In most ways, former Massachusetts governor Mitt Romney's 2012 presidential campaign has improved upon the 2008 version. The message is more focused, the debate performances are sharper, and the staff is leaner and more efficient.
But the campaign is underperforming by one key measure: fundraising.
Despite a massive effort and sky-high expectations, Romney has raised only $32 million through the end of September — $13 million less than at the same point in 2007 (not including his own loans to the campaign).
The campaign has had less time for fundraising, having launched in May instead of January. But one reason for the later start was the expectation that fundraising would be far easier this time around. After all, four years ago Romney was relatively obscure on the national scene, while he entered 2011 as a well-known front-runner.
More importantly, Romney was starting with a ready list of thousands of contributors from the previous campaign, who presumably would be ready and waiting to support him again.
But that has been the problem, a Boston Phoenix review has discovered.
Only a quarter of those who gave large amounts to Romney's campaign in 2007 have contributed in 2011, the Phoenix found from a close comparison of donor information. (See sidebar for an explanation of the Phoenix's methods.)
Even Romney's earliest supporters are, for the most part, sitting on the sidelines. Just 30 percent of big donors who gave in the first three months of 2007 have given this year. Of those who gave in the very first week last time, the return rate is 40 percent — still well under half.
Although economic troubles may have played some role, almost nobody the Phoenix spoke with thinks it has been a significant factor; few of these big donors are hurting for cash. "It's a very unusual drop-off," says Todd Domke, a Republican consultant with experience in many high-level campaigns. "Especially considering he was not a front-runner then, and this time many viewed him as inevitable."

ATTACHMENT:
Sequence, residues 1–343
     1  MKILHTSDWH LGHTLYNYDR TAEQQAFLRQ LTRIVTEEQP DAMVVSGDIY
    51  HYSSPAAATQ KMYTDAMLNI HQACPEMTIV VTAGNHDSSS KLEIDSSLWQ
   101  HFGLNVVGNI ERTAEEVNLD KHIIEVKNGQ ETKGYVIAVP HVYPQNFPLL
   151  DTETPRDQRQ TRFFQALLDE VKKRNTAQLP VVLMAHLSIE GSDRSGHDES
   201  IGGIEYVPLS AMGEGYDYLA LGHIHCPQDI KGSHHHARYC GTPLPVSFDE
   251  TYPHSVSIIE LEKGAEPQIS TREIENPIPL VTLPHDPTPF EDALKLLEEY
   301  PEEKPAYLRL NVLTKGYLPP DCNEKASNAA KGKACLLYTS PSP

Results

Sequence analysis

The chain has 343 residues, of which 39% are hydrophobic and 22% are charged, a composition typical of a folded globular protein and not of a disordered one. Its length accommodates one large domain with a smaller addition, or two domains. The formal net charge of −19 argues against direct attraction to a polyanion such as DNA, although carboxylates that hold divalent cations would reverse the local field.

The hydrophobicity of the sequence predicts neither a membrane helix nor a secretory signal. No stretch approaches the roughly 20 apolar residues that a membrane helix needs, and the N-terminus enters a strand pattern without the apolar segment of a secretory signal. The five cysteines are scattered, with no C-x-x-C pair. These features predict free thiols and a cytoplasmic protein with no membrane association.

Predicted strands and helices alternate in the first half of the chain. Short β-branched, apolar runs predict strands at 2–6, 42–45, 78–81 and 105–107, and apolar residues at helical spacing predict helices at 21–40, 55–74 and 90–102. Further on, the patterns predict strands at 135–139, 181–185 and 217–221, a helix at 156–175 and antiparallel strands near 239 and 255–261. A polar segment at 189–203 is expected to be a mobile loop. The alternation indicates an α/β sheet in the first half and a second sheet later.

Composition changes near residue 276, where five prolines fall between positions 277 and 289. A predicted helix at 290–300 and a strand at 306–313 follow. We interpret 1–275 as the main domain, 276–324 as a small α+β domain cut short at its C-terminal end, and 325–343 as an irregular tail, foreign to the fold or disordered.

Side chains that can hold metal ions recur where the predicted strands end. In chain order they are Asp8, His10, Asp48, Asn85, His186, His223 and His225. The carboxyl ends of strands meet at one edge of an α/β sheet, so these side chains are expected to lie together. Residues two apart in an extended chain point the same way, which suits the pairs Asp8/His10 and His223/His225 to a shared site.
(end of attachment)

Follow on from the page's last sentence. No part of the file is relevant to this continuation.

Others express similar surprise. "Usually when somebody gives you that much money, they're a strong supporter and are likely to be a future donor," says Rob Gray, a Republican consultant who was senior advisor for Romney's gubernatorial campaign in 2002. "It's puzzling that the retention rate is that low."
The Romney campaign did not respond to requests from the Phoenix for interviews. But several people in close touch with the campaign say that the low contribution rate from last cycle's donors has surprised members of Romney's inner circle as well.
The campaign had a goal of raising $50 million in its first active quarter, which ended this past June. That optimistic figure, which leaked out from early organizational meetings, did not seem unreasonable — until it became clear how many 2007 givers were not re-upping.
"A lot of people who were supporters, but not core supporters, were going to wait," says William Achtmeyer, who worked with Romney at Bain Capital and remains a strong backer.
The campaign walked back the $50 million target, claiming that it was the goal for the entire primary season — an implausible cover, unless you believe that the campaign wanted to raise less than it did last time.